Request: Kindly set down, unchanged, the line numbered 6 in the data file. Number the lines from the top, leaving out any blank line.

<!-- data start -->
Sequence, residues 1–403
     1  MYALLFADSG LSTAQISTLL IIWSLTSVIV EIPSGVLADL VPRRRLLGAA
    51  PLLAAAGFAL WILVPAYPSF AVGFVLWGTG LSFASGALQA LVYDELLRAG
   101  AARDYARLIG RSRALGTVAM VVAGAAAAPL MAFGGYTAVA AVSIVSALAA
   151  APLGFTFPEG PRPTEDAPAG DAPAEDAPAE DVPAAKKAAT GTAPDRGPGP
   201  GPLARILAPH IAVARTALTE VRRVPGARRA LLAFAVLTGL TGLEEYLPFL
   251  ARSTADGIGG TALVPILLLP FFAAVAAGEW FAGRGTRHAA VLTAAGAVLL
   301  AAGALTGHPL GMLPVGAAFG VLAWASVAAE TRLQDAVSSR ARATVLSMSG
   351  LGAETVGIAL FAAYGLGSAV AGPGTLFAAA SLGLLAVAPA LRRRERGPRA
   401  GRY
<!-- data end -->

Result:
   201  GPLARILAPH IAVARTALTE VRRVPGARRA LLAFAVLTGL TGLEEYLPFL